Paul and I went on dozens of ‘digital hunts’. We scoured the Internet in search of story ideas. We’d look for photos, videos, blog posts, and other digital tracks of interesting uses - of the newly developing digital technology - and their display. We’d share our finds in emails and then take ‘live hunts’.  While connected via Skype, we'd take off across the pans, savannas, mountains, forests, deserts, oceans and urban landscapes of the Internet in search of our quarry: Hot new digital species and their environments. We had a grand time and found such incredible places. All the while sharing the finds together.

This is how all relationships form. Common interests. Common dreams. Common goals. When accomplished  together, over a period of time, participants become common friends.  For some, as Paul and I, the result  unfolds in an uncommon friendship. We became, as his native South Africans say... Bru.

There is no way I can forget Paul.

Every time I log into my regular haunts .. Paul's name and photo will always be there. It is painful to see these memory icons now.  But I know, that in-due-time, the pain will be replaced by an extremely comforting awareness of having my  Bru there with me, again, in all those places we dug for digital treasures together.

In December 2009 I met another Red Bubble member, by the name of Pieter Zaadstra owner of Zaadstra Art Gallery, in Gravelly Beach, Tasmania. I formally introduced Pieter to Paul - via a Skype call - in April 2010 and immediately we became a trilogy of ideas, collaboration and projects.

Paul and I had formed our publishing group eDIGImag within the first few months of 2007. It languished between my illness and recovery. Now,  Pieter formally tossed his lot in with us in early 2010, and before long the Three eDIGImigos had hatched a reall doozey of an idea, for bringing Pieter into the mix, called ZaadTrek.

The engines roared. We were dizzily cranking out ideas and plans for the next 10 years! Yes... 10 years. ZaadTreks to highlight the launch of our flagship publication, LAT.LON. After a long discussion on where to begin - we all agreed, South Africa would be a perfect fit. Plans were launched.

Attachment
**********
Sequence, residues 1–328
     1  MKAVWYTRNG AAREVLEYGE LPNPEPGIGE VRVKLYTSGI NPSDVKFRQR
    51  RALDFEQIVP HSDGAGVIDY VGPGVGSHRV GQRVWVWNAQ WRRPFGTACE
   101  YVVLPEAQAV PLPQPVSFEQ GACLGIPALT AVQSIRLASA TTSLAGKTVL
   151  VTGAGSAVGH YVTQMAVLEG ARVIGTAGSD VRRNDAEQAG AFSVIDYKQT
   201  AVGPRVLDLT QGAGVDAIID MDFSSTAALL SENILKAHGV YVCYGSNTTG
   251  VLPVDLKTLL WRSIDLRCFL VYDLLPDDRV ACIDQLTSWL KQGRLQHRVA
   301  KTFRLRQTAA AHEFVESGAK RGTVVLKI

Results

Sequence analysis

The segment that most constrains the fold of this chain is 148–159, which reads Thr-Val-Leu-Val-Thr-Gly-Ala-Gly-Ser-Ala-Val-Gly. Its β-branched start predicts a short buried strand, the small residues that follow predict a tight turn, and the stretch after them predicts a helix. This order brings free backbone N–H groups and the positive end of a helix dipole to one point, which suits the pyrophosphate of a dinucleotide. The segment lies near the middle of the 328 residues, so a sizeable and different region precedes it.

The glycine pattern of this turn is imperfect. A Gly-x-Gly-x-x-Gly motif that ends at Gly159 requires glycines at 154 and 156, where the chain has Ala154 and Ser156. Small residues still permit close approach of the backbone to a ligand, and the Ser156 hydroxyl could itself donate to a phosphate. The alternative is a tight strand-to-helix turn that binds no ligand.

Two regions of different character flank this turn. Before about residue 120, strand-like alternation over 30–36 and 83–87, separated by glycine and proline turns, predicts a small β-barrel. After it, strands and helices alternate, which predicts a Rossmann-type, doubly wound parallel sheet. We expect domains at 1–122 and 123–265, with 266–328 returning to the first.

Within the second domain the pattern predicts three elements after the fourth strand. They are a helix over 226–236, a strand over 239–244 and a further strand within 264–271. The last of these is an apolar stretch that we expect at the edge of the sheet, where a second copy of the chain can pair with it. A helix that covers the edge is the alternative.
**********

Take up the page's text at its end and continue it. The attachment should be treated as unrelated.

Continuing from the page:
Then we were all struck with a tragic news report. Paul’s brother-in-law, sister Stephanie’s husband, David Tennant, owner/founder of Dave Tennant Safaris. had been diagnosed with pancreatic cancer.

The three of us watched through Paul’s conversation and regular reports, as David fought  long and courageously, but eventually losing his battle for life in August 2010. It was for me... another - Friend Not Yet Met - that shall go forever, unmet.

Pieter landed in South Africa in November of last year (2010), spending 3 weeks visiting areas Paul had procured accommodations and access to. Pieter wandered about collecting data that would become part of our production plan: One book each year, for the next five (5) years and eMags expanding on the areas covered, delivered on a monthly basis. We were set to Premiere launch in April 2011.

Life is learning how to deal with unexpected interruptions along the linear timeline. But explosions like the loss of Paul … well, those just stop the timeline completely.

Pieter, at least, had opportunity to meet Paul. For this, I am quite happy. I am however saddened that I did not - nor, will now - have such a luxury. Another, Friend Not Yet Met, I’ll not meet.

Paul and I were kindred spirits. We shared so much in common that any difference was rendered, invisible.

Such a kinship of mind and kindred of spirit is truly rare. If you or I can experience this pleasure but once in a lifetime, then we must consider ourselves extremely blessed. And I do. I truly do. But still, it does not keep me from feeling robbed of future years, sharing unique and wonderful experiences with such a unique person as Paul.

That truly hurts.

What am I to do now...? This is a question I keep asking myself. The void is deafening.

Please, DO remember Paul's family in your thoughts and prayers. This is a very difficult time for them.

As well, don't forget Paul. Visit his RedBubble, Flickr, and many other sites across the Internet to constantly refresh your mental picture of Paul, his work, his legacy and what he will always mean to you.  I will have a complete list of Paul's, online presence, on the eDIGImag site.

Keep the Spotlightkid alive in your hearts and memories. Keep Harry Black running through the brush and engaging his audience with excitement and life.

And do not forget to keep all the others: Yes, those whom all of us have lost - to whatever tragedy before their time ... or in their due time. Keep them alive in your hearts, your memory and tell others -OFTEN- of how much you care for them. Share their stories and importance - in your life - with others.